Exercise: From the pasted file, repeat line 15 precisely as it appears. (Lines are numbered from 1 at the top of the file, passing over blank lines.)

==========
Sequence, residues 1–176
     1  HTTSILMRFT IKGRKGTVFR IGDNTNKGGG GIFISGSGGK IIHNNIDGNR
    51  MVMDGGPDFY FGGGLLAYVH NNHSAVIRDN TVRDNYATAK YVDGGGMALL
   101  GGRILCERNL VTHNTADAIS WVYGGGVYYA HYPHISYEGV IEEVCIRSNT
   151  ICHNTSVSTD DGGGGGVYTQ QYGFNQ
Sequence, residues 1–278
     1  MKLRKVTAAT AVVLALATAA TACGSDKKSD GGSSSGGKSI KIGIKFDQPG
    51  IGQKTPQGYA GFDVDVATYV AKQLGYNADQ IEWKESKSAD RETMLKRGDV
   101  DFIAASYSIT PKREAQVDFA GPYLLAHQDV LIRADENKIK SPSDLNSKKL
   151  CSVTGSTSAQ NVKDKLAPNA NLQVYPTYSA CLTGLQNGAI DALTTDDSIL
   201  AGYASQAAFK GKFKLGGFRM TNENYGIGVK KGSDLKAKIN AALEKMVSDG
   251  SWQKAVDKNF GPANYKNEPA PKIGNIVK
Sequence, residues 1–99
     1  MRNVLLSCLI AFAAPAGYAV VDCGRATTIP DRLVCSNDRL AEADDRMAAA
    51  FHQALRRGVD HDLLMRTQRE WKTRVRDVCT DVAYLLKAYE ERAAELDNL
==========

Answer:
    51  FHQALRRGVD HDLLMRTQRE WKTRVRDVCT DVAYLLKAYE ERAAELDNL